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Under 'deregulation,' a tried and tested system which favored cost minimization, was replaced with an untested system which favored profit maximization. It also fractured responsibility for the overall reliability of the system.

Power Blackout: Is Deregulation the Problem?

by Enver Masud

www.globalresearch.ca 16 August 2003

The URL of this article is: http://globalresearch.ca/articles/MAS308A.html

"It's a wake-up call," said President Bush on Friday. "The grid needs to be modernized, the delivery systems need to be modernized. We've got an antiquated system."

Former Department of Energy Secretary Richardson called for passage of the Bush administration¹s Energy Bill.

President Bush, and former Secretary Richardson, were responding to questions regarding the massive electrical blackout which occurred around 4;10 pm on Thursday, August 14, and disrupted the daily lives of 20 million people in New York state, New England, the upper Midwest and Canada.

But it¹s much too soon to say what¹s needed. We have yet to find out precisely what occurred.

What we do know is the systems that are supposed to prevent just this type of blackout didn¹t.

The power system is protected, or kept intact, by a massive system of sensors, relays and computers -- the System Control and Data Acquisition system (SCADA system).

The SCADA system is designed to isolate that component of the power system which is not functioning, and the power system itself is designed to function normally with any one of its components out of service.

Some critical parts of the power system are designed to even more stringent reliability criteria developed and defined by utility engineers based upon years of accumulated data and experience.

As a last resort, the power system is designed to break into ³islands² with each ³island² having sufficient electric generation to meet the needs of the consumers in that ³island.²

Apparently, this 'island' operation did not take place, or at least it did not take place throughout the region of the blackout. This will be an issue for investigators to resolve.

They will have to pore over data logged by computers throughout the system to identify the precise sequence of events, and hopefully that will lead to the identification of the event that initiated the blackout.

This may or may not have anything to do with an 'antiquated system' or inadequate delivery system. It may well be the failure of a simple relay costing a few hundred or a few thousand dollars.

One thing is virtually certain: no amount of money can guarantee that blackouts will never occur. The cost of proposed solutions has to be weighed against the probability, duration and costs of blackouts.

It is just this type of reasoning that gave the United States the wonderful power system that Americans came to trust, and which served their needs at low cost.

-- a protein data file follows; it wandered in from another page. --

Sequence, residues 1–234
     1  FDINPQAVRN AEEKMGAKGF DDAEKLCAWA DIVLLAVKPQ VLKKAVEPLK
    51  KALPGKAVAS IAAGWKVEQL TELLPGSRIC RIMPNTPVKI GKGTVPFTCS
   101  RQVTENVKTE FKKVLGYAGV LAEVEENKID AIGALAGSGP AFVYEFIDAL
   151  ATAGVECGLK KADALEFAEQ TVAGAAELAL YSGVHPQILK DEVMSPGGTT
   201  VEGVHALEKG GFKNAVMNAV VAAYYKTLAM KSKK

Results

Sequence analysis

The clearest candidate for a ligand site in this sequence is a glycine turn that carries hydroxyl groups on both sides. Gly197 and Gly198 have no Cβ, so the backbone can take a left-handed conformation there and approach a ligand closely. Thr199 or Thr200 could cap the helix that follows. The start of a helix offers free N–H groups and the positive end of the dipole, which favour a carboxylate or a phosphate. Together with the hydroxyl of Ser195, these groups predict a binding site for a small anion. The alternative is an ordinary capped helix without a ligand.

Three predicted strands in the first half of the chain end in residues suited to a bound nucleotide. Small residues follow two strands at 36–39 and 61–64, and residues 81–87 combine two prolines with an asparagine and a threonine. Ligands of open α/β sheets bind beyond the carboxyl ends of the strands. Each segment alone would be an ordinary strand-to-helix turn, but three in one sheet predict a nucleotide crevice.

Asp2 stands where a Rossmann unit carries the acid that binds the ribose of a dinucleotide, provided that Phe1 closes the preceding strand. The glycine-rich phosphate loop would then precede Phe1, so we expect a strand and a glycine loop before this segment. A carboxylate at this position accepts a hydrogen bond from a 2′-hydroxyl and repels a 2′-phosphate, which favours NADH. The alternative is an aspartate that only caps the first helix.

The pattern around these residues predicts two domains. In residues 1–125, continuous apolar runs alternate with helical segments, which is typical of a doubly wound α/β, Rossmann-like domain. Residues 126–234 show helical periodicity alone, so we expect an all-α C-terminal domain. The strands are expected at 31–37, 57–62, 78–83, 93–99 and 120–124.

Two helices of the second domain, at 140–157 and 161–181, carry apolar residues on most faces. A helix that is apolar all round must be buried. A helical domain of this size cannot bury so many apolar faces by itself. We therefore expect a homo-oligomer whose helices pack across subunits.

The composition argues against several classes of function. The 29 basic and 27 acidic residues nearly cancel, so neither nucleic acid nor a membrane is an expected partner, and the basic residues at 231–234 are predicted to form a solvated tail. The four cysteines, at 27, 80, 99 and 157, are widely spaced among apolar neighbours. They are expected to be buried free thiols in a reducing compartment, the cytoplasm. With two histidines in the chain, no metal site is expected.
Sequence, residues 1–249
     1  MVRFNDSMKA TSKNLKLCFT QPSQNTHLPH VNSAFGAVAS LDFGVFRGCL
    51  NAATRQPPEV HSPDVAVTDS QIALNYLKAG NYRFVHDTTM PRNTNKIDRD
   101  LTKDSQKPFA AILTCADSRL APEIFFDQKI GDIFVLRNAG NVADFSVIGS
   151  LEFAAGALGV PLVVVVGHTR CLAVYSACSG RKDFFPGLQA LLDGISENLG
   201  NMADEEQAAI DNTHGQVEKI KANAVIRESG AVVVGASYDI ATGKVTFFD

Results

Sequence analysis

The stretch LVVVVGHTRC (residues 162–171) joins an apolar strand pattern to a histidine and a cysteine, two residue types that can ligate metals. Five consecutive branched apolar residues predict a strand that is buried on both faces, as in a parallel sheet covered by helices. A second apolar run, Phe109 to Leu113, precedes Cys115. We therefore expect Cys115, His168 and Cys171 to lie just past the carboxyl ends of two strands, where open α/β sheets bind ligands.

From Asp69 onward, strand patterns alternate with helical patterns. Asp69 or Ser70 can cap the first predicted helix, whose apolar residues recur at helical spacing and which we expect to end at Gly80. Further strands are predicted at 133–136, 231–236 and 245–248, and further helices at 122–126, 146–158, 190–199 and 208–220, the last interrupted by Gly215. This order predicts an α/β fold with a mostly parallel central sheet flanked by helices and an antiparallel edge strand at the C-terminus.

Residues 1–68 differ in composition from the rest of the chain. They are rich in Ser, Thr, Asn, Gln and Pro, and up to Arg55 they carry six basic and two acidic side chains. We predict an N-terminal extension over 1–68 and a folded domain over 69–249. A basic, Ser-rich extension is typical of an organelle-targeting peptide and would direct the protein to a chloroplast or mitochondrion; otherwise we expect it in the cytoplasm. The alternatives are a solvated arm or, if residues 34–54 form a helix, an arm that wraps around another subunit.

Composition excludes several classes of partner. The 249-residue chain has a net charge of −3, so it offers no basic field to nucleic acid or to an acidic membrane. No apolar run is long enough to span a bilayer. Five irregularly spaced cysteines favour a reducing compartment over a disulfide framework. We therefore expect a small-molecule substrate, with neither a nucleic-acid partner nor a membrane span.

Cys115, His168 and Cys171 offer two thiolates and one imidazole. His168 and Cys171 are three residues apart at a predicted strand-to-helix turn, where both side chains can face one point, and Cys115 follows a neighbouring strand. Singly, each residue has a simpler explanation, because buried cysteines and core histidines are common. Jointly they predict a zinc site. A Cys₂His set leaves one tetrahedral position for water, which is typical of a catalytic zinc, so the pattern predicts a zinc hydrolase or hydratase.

But as the power system grew larger, and as consumer¹s electricity rates kept decreasing, utilities tended to grow somewhat complacent.

The blackout of 1965 which disrupted the North Eastern US was a wake up call. In response the electric utility industry, prodded by the federal government, setup management structures to improve coordination among electric utilities, and things began to improve.

Then came the Arab oil embargoes of the 1970s, and things began to change again. For the first time since the freewheeling days of the 1920s, regulatory decisions began to be politicized to a much larger degree than before.

Consumers were promised lower costs if only the electric industry were restructured. Vertically integrated electric companies -- which had responsibility from the electricity generating plant to the customer¹s meter -- began to be sold off in pieces. Generation , transmission, distribution became separate entities.

Then came another wake up call: the debacle in California.

The 'deregulation' of California's electricity market was supposed to bring cheaper electricity to the state. Instead, with wholesale electric rates 10 to a 100 times higher than a year before deregulation, California's largest utilities faced losses of over $8 billion.

To avoid bankrupting the utilities, the state Public Utilities Commission in San Francisco approved emergency rate increases of between 7 and 15 percent.

Amidst fears that California utilities would be unable to pay market prices, US Energy Secretary, Bill Richardson, signed an extraordinary, emergency order that forced out-of-state power producers to supply electricity to California.

California¹s rate payers and taxpayers picked up the tab. The new ³independent power suppliers² got rich.

But 'deregulation' itself was a misnomer. What really happened was that under 'deregulation,' a tried and tested system which favored cost minimization, was replaced with an untested system which favored profit maximization. It also fractured responsibility for the overall reliability of the system.

So before we rush to legislation to fix the 'problem,'  it's high time we took another look at the whole concept of 'deregulation.'

Enver Masud is an independent consultant with 35 years experience in the US and international electric power sector. He managed the US National Power Grid Study, and National Electric Reliability Study, for the US Department of Energy. Details at http://www.twf.org/bio/em.htm l© Copyright Enver Masud 2003  For fair use only/ pour usage équitable seulement .